The Victorians did not always cover table or chair legs. In the dining room, the opulence of carved or worked decoration of the table legs was a sign of wealth, and the legs were never covered - similarly the chairs. J&M Miller refer to the custom of covering tables in the drawing room with shawls: "A custom of draping tables with fringed fabrics meant that the lower middle classes could disguise ordinary pine tables." The illustrations in the various books are photographs of actual Victorian rooms or rooms which have been lovingly restored or preserved. Nearly all are examples of rooms in upper class homes. There is little covering of furniture legs in these examples. J&M Miller also refers to the paintings likely to be hung, saying that despite the prudish attitudes of the Victorians, nudes were acceptable, as long as the subject wore a blank or vacant expression.
Which is true? I don't know. Perhaps some of you know the answer.
I was pleased that this set of dishes included bowls for soup, salad ... or cereal. Well, for soup or salad ... somehow I doubt that I'll be serving guests corn flakes in these.
A closer view of the pattern:
And of the etched patterns on the glasses:
Looking down the table ...
The china pattern seemed to call for a degree of informality. With flowers on the plates and on the stemware, I decided to create a centerpiece using greenery and candles. I used inexpensive woven fiber placemats that add more texture than color. The napkins are well-used black restaurant napkins. Whenever I see restaurant napkins at thrift store, I buy them. Once I got a huge bagful for only $2. It held dozens and dozens of napkins. Most were in perfect condition, and the few that were frayed or faded make great rags for cleaning/dusting. They launder beautifully and the darker colors are perfect for dinners (with marinara sauce, red wine, etc.) that would ruin white damask napkins.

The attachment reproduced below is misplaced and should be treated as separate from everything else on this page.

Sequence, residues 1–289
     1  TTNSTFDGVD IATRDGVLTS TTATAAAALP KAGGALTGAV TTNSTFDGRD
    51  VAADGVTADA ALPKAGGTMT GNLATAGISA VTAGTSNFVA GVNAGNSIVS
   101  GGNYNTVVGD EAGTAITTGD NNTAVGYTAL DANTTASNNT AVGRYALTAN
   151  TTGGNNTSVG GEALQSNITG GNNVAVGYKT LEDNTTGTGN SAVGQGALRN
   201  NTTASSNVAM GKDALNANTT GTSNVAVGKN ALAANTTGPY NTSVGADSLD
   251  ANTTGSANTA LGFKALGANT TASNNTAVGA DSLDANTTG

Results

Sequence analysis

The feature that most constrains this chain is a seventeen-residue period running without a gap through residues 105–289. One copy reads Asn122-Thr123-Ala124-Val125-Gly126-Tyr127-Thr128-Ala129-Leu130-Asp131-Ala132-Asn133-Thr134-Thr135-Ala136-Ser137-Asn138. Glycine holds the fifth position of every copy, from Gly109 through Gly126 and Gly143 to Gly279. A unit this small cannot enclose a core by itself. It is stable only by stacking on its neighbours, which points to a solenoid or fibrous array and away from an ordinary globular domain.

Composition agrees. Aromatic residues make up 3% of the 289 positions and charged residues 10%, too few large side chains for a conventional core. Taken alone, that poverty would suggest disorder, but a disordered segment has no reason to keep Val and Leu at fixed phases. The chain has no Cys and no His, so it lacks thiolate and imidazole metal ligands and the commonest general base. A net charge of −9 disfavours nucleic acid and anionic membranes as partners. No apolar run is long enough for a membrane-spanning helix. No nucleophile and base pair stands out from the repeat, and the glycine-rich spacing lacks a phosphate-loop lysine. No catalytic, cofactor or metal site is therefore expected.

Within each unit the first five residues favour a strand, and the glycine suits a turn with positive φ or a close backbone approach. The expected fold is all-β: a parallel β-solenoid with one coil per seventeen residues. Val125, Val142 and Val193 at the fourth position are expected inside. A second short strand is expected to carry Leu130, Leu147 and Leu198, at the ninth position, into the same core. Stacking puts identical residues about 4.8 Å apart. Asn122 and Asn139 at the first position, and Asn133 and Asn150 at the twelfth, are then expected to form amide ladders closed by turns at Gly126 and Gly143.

I used silverplated punch cups to hold floating candles. The gold washed interior of the cups creates a nice glow when the candles are lit.
To give the centerpiece height, I used racemes of a Mahonia (evergreen shrub related to the barberry, common name "Oregon Grape). The leaves are similar to holly (and just as prickly!).
I had planned to use just the magnolia (grandiflora) leaves, but noticed the "fruit" of American sweetgum trees littering the sidewalk as I returned to the house. I scattered the gumballs here and there to add texture and earthy color. Small, round glass ornaments could be used during the holidays to give a centerpiece such as this one a really festive look. I used a silverplated casserole dish holder and a small silverplated ice bucket to add a bit of shine and to contain parts of the arrangement. The punch cups fit nicely in the four corners.
Another view of the dishes and stemware ...
I had quite a few magnolia leaves left over, so I made a simple arrangement of them in this crystal compote. The candleholders flanking it are vintage. The pattern is "Canterbury," and they were made by the Duncan & Miller glass company. You can read about Duncan & Miller HERE.
I purposely included leaves with imperfections. I think it adds interest and emphasizes their "naturalness."
Time to light the candles!
I always enjoy using this flatware. It was my mother's pattern, "Remembrance" by 1847 Rogers Bros. It was introduced in 1948 to celebrate the company's 100th anniversary ... a year late, because WWII had halted production while silver and other metals were needed for the war effort.
Everything takes on a warm, creamy glow by candlelight (including guests!).
No silver candleabra on the bombay chest this evening ....
An overview of the room lit by candles and the incandescent bulbs of the chandelier ...
The next time Susan of Between Naps on the Porch does a bloopers post, perhaps I'll tell her how I almost set the centerpiece on fire ... it's easy to forget how much heat is produced by a single candle flame. For the record, mahonia smoke is not a pleasant aroma!
See the charred areas above the flames? I shifted them to the side, and they stopped smoldering. But this centerpiece concept definitely needs re-thinking!
In case you were wondering where the candleholders went ... I stashed them on the staircase. I lit them for fun and took a photo for you ...
Time to blow out the candles ... and say goodnight! Sweet dreams ...
This table setting was created for Tablescape Thursday with our delightful hostess, Susan of Between Naps on the Porch! I hope you'll stop by and see Susan's festive table, leave a comment for her, and spend some time visiting all her talented tablescaping participants.